"He walked miles to come to the farm one day, and had no way home that night. My father drove him, but he wasn't happy with neither one of us. Best we get married, he told me, so he didn't have to drive at night anymore."

I watched quietly, trying to absorb every nuance, every cock of her head for when I'd want to tell someone not yet born about this woman. My mother calls me a watcher, a human recorder of all that happens around me, and as I sat beside Grandma, her stories enfolding me like one of her quilts, I knew, for the first time in my life, the truth of that label. A part of me wanted to learn how to knit, but another part wanted to tuck her essence away in my heart for safekeeping. With each stitch I attempted and re-attempted, I wove a part of her into me.

knitted treasuresknitted treasuresMonths later, when we returned for another short visit, she crowed with delight when I showed her my finished pair of socks. I soon progressed to knitting hand-designed sweaters and bags. And a year later. when Grandma saw my creations, she marvelled at my audacity to step outside the lines and invent my own patterns. She didn't know I lied awake at night, mentally wandering through patterns I wanted make. When making dinner, I closed my eyes to rearrange colours or to run my fingers through different yarns while I stirred a pot of spaghetti. I planned stitches while sitting up with a sick child, rocking and singing while visions of the finished project floated through my mind.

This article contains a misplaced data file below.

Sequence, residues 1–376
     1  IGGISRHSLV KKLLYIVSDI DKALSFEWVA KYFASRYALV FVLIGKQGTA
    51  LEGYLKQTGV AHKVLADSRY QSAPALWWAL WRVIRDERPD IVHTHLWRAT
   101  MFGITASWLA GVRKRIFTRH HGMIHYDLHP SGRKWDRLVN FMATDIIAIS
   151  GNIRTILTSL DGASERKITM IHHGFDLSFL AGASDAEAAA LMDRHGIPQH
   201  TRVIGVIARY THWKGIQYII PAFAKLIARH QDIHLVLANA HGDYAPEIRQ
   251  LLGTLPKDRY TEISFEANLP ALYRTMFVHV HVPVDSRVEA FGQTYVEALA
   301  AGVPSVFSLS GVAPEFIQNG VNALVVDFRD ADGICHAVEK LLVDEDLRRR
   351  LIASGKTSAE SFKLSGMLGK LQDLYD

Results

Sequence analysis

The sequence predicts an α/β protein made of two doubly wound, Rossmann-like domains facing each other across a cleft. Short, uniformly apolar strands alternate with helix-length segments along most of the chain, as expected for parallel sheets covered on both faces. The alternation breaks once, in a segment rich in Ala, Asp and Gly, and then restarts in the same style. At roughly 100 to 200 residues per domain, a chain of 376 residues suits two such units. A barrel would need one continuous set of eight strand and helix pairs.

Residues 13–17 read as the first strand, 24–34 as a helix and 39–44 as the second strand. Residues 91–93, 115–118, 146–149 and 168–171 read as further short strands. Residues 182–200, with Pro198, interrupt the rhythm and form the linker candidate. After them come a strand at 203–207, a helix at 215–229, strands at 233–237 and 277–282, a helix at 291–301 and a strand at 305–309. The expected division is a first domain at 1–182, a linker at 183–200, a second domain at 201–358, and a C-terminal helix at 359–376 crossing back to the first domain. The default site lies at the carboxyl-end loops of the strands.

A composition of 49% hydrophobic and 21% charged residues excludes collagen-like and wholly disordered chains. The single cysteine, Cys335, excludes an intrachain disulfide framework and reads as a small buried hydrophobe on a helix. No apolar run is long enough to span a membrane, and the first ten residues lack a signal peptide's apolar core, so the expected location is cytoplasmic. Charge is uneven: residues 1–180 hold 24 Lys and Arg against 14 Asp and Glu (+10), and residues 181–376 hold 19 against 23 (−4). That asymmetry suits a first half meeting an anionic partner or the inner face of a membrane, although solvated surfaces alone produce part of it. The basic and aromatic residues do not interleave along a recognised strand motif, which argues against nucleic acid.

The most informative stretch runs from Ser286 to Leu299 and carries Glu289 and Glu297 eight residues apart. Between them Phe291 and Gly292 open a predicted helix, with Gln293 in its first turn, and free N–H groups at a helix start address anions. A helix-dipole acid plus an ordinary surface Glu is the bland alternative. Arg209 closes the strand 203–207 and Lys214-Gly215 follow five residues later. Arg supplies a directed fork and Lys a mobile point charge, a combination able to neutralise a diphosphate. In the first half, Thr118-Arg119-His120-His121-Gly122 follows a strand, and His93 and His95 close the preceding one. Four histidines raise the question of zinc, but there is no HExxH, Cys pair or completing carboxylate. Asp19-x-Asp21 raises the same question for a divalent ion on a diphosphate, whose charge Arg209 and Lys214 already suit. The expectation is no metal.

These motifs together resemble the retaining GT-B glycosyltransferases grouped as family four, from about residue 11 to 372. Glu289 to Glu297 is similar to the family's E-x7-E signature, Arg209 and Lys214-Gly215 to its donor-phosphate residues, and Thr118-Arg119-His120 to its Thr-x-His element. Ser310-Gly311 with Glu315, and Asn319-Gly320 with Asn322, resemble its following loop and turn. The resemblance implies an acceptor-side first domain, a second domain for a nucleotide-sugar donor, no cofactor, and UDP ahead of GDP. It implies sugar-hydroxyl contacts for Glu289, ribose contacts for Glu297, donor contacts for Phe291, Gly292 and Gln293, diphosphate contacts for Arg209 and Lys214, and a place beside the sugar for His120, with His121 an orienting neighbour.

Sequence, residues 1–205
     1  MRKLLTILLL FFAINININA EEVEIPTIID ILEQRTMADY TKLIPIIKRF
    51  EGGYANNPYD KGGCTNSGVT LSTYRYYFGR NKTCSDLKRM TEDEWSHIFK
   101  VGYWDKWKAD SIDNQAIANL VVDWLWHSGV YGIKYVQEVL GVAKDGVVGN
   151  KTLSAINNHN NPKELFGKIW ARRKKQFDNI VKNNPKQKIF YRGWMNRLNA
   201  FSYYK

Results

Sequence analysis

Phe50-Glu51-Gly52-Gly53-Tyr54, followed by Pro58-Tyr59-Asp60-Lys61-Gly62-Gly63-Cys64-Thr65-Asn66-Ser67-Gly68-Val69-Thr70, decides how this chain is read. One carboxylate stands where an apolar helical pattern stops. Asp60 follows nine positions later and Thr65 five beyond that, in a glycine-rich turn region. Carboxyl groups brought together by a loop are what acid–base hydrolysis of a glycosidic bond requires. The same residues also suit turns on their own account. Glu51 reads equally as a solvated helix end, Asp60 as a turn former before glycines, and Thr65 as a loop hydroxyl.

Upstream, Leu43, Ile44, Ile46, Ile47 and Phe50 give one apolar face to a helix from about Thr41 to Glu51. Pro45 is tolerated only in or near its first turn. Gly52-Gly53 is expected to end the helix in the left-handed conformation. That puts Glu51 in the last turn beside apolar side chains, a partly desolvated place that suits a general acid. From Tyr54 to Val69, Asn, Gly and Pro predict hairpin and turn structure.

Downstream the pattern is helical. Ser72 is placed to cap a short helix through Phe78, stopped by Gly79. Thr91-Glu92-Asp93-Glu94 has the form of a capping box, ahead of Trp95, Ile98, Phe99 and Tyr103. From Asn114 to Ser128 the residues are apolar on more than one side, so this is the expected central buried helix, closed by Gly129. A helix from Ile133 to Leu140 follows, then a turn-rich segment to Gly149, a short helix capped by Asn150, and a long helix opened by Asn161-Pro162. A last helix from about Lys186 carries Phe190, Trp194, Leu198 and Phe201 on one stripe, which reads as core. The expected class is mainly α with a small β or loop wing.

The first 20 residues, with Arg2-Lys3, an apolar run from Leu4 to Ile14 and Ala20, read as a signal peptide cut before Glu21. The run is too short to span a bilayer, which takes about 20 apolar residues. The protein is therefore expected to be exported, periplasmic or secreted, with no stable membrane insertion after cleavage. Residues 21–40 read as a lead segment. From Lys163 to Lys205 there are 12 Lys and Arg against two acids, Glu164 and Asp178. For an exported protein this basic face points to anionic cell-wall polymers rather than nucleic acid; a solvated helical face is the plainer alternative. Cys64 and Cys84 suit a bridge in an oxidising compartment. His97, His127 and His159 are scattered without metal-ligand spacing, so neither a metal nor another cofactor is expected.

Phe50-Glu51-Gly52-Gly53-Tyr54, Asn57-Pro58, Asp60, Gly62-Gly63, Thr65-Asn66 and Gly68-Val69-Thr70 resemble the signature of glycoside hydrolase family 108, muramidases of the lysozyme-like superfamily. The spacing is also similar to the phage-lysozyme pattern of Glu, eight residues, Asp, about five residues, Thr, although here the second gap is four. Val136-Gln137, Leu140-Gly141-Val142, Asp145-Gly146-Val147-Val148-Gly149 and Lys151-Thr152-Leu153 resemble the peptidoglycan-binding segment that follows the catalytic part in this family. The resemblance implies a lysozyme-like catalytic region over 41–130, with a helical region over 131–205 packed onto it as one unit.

"I only knew one other person who could knit like you," Grandma said one day while she cradled one of my babies in her arms. "My grandmother could pick up a stitch from anywhere in the pattern and knit it in without unravelling a single row. She could shape a garment just by the way it felt in her hands, and she never watched her needles neither - just like you."

made with lovemade with loveGrandma shared her skills with me, guiding me and teaching me when I asked, but I'm sure she never guessed at the yearning she unleashed. More than something to fill my time or mark one day different from the next (yesterday I did the left sleeve and today I'll do the neck), knitting became my release, a way to express myself at a time in my life I needed something all my own. I suppose anything could have filled that void, but learning to use my own resources to heal myself was the real lesson. And using those resources to bind me to the people I love with something real, something tangible that I could look at later and know I created was the brass ring that saved me.